- Gardening helps to strengthen bones. Osteoporosis Canada writes: “A major benefit of gardening is a healthy total body workout that includes weight-bearing and resistance activities. Gardening usually involves walking, squatting, kneeling, digging, pulling and lifting, and all done out in the fresh air. As you hoe, plant, water, weed and harvest, your body engages in effective weight-bearing and resistance activities that contribute to good bone health – as long as you start slowly and move safely.” [iii]
- You can grow food! Pesticide-free, vegetables that you’ve grown yourself are unmatched in freshness and taste. Some of the most delicious, nutritious veggies are easy to grow. Green beans, tomatoes, zucchini, chard, kale, lettuce, radishes, carrots, green onions, micro-greens, and more. You’re limited only by the size of your garden. Say good-bye to fast food!
Love fruit? Raspberries, strawberries, and blueberries are fruits that do well in home gardens.
- Your children will benefit too. They’ll be outside in the fresh air and sunshine discovering earthworms and caterpillars, ants and beetles. And they will learn more about where real food comes from. Kids love to eat what they’ve grown themselves, and they even benefit from being exposed to soil at an early age.
The “hygiene hypothesis” suggests that children raised in microbe-rich environments—with pets, on farms, or attending daycare—have a lower risk of allergic disease than kids raised in more sterile environments. Bonus! Kids love to get dirty.
- Your body needs Vitamin D – and you’ll get plenty of that bone building, mood lifting, and immunity-strengthening vitamin outside in your garden. Just remember to wear a hat and sunscreen. And drink plenty of water.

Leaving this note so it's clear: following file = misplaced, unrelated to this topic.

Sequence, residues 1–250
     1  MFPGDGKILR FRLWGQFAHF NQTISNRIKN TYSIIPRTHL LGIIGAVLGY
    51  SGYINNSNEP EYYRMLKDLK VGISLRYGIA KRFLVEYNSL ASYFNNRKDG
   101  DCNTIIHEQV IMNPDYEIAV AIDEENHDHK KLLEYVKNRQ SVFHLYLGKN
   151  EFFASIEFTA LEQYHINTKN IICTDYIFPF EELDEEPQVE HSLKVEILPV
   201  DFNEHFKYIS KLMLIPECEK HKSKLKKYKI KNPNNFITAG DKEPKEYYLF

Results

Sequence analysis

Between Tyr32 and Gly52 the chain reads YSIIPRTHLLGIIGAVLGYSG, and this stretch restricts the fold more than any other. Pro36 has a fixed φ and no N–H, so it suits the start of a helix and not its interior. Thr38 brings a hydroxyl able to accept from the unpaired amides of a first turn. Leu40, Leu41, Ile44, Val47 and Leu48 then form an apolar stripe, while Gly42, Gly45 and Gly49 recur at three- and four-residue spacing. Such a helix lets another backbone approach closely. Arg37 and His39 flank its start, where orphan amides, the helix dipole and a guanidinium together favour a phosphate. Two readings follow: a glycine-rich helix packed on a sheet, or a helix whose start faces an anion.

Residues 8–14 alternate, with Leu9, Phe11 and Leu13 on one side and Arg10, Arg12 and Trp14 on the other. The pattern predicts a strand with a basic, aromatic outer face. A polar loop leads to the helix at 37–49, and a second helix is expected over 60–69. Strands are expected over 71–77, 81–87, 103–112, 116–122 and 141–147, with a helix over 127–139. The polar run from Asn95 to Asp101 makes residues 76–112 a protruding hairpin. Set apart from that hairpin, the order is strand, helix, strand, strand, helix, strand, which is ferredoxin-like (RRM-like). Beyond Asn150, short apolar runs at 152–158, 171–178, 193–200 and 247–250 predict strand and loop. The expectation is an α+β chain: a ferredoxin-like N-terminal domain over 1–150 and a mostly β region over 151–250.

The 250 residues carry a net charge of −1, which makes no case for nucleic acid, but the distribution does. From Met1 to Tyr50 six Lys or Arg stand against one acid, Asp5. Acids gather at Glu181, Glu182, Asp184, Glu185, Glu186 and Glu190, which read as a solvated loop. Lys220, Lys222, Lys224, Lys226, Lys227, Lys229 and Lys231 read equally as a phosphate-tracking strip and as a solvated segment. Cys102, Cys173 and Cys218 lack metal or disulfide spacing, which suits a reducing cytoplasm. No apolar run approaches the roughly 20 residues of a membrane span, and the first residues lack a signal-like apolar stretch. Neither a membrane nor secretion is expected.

- You won’t be lonely! When you harvest your veggies, you’ll make new friends. People love to share their abundance of garden produce as summer ends and the vines become heavy with ripe tomatoes and zucchini.
Urban gardeners sharing community plots often plan for a greater variety of edibles by determining which gardener will grow certain plants. That way everyone takes home the fixings for a big pot of vegetable soup!
What if you don’t have a garden?
Join your neighbours! Or, be like Dr. Bidgood and grow things at the corner bus stop!
Garden or not, just get outside.
We are fortunate to live in one of the most beautiful places in Canada and have many ways to reap the benefits of being outdoors. Horticultural therapy – the do it yourself version – is one way, but hiking a forest trail, cycling the Galloping Goose, strolling through Butchart Gardens, or walking through your neighbourhood admiring other peoples’ gardens will lift your spirits, get you moving, and bring you closer to living to 100!
Embrace good health holistically.
If you or a loved one is living with depression, diabetes, weight issues, anxiety, or any of the challenges mentioned in this post, please consider making an appointment with one of our healthcare specialists.
Our team promotes holistic wellness – inside and out.
Please look for more local gardening improvements as we “Grow” at Moss Street Healthcare Centre!
-  A meta-analysis is a survey in which the results of the studies included in the review are statistically similar and are combined and analyzed as if they were one study.
- [i] https://www.ncbi.nlm.nih.gov/pmc/articles/PMC5153451/
- [ii] https://globalnews.ca/news/3794111/canada-obesity-illness-costs/
- [iii] https://www.osteoporosis.ca/wp-content/uploads/2015-04-22-COPING-FINAL.pdf